I have written before about our involvement in Ross Greene’s Collaborative Problem Solving Model. Recently the group got together and talked about what we learned and some of the big picture ideas that we walked away with. We shared our thoughts with our staff, but I also thought it would be worthwhile to share them in this forum.
I have shared the slides from our presentation and provided context for each.
Last year our staff did a book study on Dr. Greene’s “Lost at School” and philosophically this is a mindset we entered the project with. The idea that kids do well if they can is simple, but when the rubber hits the road it gets difficult. When dealing with maladptive behaviour, it is hard not to label it as manipulative, attention seeking or even blame the parents for lack of boundaries at home. However, through many difficult and reflective conversations we have really come to believe that at the root of difficult behaviour is a problem that needs to be solved and a developmental skill that the student has missed along the way.
When dealing with difficult behaviours, rewards and consequences don’t work.
If they did, a time out, detention, suspension etc. would rectify the problem. I think we can all agree that for our most challenging students they don’t. Does it give some respite? Yes, but that’s it. Putting the student back into the same situation with the same skill set is setting everyone up for failure. Collaborative Problem Solving is a treasure hunt to find out what is getting in the students way. Kids don’t enter school at 5 years old thinking, “This is going to suck! I am going to make everyone’s life, including mine miserable.” If they are UNABLE to manage their behaviour it is incumbent on us to find out WHY.
Labels and diagnosis get in the way of CPS. Often when a child struggles we explain it away with a diagnosis – ADHD, autism etc. I’m not saying that these are not valid conditions, but when we use labels it lets us off the hook and has us focusing on the wrong things. Instead of focusing on its antecedents, we are looking at the outcomes of behaviour. Ultimately, reacting to the behaviour will not yield results.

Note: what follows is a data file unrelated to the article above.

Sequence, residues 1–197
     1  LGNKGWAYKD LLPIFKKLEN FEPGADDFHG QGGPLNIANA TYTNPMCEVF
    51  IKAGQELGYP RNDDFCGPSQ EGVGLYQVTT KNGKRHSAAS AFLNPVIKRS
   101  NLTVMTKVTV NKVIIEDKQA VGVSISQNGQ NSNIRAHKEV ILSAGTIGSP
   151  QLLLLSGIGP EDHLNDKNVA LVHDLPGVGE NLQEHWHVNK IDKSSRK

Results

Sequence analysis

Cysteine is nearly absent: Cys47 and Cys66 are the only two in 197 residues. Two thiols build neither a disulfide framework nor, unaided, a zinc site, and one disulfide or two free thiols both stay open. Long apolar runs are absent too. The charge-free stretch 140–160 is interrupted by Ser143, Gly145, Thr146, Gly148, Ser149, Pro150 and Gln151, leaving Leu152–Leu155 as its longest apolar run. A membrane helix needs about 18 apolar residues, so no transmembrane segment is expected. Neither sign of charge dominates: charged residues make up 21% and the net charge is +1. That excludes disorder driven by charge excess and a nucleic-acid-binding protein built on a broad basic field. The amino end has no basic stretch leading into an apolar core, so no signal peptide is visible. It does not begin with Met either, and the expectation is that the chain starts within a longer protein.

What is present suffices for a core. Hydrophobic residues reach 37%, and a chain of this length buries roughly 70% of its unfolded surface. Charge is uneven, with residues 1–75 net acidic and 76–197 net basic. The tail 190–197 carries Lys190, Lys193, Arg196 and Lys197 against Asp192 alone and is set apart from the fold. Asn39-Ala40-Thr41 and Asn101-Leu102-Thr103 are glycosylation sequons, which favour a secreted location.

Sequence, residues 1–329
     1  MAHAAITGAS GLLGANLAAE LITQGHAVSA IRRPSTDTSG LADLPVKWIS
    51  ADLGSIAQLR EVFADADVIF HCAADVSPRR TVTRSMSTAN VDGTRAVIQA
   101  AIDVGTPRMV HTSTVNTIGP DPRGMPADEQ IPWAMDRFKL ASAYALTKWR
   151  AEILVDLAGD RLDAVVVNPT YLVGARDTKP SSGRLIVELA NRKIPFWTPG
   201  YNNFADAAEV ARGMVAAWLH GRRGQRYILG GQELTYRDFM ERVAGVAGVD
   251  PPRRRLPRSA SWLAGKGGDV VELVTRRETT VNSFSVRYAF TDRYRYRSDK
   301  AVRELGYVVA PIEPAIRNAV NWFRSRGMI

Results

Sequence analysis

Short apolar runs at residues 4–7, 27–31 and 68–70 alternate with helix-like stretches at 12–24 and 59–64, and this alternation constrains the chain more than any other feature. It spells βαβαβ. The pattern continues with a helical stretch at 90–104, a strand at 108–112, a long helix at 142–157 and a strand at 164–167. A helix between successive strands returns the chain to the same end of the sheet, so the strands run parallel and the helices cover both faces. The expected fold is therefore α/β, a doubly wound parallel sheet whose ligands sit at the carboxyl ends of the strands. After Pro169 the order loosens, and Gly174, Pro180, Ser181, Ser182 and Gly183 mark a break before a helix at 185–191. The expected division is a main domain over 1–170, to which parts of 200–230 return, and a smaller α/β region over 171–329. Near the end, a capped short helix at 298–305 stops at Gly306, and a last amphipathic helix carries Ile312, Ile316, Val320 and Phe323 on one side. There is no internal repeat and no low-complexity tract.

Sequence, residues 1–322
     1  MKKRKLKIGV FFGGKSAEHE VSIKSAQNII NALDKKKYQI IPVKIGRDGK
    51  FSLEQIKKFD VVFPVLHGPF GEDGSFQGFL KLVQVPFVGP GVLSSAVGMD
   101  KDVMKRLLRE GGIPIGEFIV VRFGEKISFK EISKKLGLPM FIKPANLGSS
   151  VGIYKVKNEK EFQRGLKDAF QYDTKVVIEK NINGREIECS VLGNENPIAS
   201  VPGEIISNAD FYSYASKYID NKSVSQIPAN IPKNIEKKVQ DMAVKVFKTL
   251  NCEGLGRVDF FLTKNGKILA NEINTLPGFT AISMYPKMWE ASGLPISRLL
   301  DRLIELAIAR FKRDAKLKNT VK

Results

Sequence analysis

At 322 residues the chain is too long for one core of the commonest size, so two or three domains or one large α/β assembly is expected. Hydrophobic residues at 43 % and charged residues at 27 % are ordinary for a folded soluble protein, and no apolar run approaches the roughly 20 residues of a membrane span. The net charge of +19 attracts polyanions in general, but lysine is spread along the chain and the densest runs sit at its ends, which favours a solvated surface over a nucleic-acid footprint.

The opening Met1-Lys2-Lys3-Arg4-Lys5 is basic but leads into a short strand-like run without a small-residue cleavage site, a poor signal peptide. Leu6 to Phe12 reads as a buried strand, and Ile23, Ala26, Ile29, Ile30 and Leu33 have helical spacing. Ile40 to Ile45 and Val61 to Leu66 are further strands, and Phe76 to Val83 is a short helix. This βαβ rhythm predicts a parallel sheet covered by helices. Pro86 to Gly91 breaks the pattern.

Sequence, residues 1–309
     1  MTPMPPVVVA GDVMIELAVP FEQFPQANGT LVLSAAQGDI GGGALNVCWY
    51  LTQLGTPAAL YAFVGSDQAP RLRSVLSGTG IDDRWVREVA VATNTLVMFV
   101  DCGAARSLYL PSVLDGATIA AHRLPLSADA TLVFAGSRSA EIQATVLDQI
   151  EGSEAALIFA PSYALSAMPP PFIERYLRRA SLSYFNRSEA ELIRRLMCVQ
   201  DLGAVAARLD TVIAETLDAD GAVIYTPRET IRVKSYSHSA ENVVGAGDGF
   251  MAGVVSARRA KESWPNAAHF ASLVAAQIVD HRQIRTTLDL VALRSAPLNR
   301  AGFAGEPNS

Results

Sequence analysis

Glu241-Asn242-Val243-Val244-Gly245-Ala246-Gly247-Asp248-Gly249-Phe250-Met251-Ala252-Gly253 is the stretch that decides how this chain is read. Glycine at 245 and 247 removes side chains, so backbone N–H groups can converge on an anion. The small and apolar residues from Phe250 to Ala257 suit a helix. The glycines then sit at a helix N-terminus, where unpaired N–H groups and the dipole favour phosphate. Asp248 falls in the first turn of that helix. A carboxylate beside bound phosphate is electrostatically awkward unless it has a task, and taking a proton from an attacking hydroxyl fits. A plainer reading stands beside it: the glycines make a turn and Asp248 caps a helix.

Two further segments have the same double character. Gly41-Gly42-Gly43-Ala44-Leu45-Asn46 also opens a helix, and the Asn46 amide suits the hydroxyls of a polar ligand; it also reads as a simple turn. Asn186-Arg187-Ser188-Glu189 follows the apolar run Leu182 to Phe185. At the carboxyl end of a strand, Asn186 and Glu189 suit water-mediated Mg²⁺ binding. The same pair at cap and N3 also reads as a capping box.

I love this slide. I think we can all agree that being proactive is better than being reactive. CPS is fundamentally a proactive program, but what I like best is the fact that the students is a vital part of the equation. True collaboration means that both sides share their concerns and mutually agree upon a resolution. In the end, the student feels like they have a voice and an important one at that. Every one of the people involved in the process felt that their relationships with their students were enhanced by CPS.
Our biggest struggle to date is finding time. There is no doubt that it takes time to implement and in education time is perhaps our most scarce (and therefore valuable) commodity. We struggled with finding the time and committing time in an ongoing manner. Although we don’t always see the immediate payoffs. Nobody was “fixed” from our work, but we all agree that our work benefited our students and will continue to benefit them down the road. I equate it to the work we do with our struggling readers. A few sessions of Learning Assistance does not get them back to grade level, but ongoing support eventually closes the gap – behaviour is not any different.
I think the closest we came to an epiphany was when one of the teachers involved (Nicky Skinner) made the connection to SMART Learning (in our school this is a connection all the teachers can make). More than anything CPS promotes deeper learning and understanding for both the student and the adults. For students we are mining to get to the root of the issue and then scaffolding in support to help them. For the adults, CPS gives us a framework to help us dig and get to the root of the issue.
For me, the best part of the process is it involves reflective, supportive learning for all. It’s fundamental in perpetuating community of learners.